[...More Info...]      
[...Related Items...]     OR:     [Wikipedia]   [Google]   [Baidu]  


picture info

Bangor University
, former_names = University College of North Wales (1884–1996) University of Wales, Bangor (1996–2007) , image = File:Arms_of_Bangor_University.svg , image_size = 250px , caption = Arms Flag , motto = cy, Gorau Dawn Deall , mottoeng = "The Best Gift is Knowledge" , established = 1884 , type = Public , administrative_staff = , chancellor = George Meyrick , vice_chancellor = Edmund Burke , students = () , undergrad = () , postgrad = () , city = Bangor , state = , country = Wales , coordinates = , campus = Bangor , colours = , other_name = cy, Y Coleg ar y Bryn ("The College on the Hill") , affiliations = EUAUniversities UK University of Wales ACU HEA EIBFS , website bangor.ac.uk, logo ...
[...More Info...]      
[...Related Items...]     OR:     [Wikipedia]   [Google]   [Baidu]  


picture info

Mathematics
Mathematics is an area of knowledge that includes the topics of numbers, formulas and related structures, shapes and the spaces in which they are contained, and quantities and their changes. These topics are represented in modern mathematics with the major subdisciplines of number theory, algebra, geometry, and analysis, respectively. There is no general consensus among mathematicians about a common definition for their academic discipline. Most mathematical activity involves the discovery of properties of abstract objects and the use of pure reason to prove them. These objects consist of either abstractions from nature orin modern mathematicsentities that are stipulated to have certain properties, called axioms. A ''proof'' consists of a succession of applications of deductive rules to already established results. These results include previously proved theorems, axioms, andin case of abstraction from naturesome basic properties that are considered true starting points of t ...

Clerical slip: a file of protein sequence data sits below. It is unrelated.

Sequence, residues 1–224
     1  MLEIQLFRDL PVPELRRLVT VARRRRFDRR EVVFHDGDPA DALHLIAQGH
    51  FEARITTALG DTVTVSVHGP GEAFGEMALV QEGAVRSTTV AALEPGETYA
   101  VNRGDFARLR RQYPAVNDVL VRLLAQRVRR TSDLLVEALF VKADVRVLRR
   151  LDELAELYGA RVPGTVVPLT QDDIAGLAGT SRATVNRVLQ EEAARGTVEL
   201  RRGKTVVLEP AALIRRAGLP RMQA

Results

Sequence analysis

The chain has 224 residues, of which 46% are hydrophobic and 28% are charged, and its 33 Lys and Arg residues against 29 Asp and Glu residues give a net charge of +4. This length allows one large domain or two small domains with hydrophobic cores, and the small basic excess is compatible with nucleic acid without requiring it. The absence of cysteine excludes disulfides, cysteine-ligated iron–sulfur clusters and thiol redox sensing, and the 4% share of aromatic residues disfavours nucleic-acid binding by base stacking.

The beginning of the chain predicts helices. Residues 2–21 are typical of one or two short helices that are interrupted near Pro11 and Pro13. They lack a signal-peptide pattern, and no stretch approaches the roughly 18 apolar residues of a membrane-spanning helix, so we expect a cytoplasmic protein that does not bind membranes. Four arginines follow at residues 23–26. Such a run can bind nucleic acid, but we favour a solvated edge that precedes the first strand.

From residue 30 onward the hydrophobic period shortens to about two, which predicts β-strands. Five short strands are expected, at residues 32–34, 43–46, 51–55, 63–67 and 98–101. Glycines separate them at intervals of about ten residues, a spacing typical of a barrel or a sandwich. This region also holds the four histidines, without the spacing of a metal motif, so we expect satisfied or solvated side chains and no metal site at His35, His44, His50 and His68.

[...More Info...]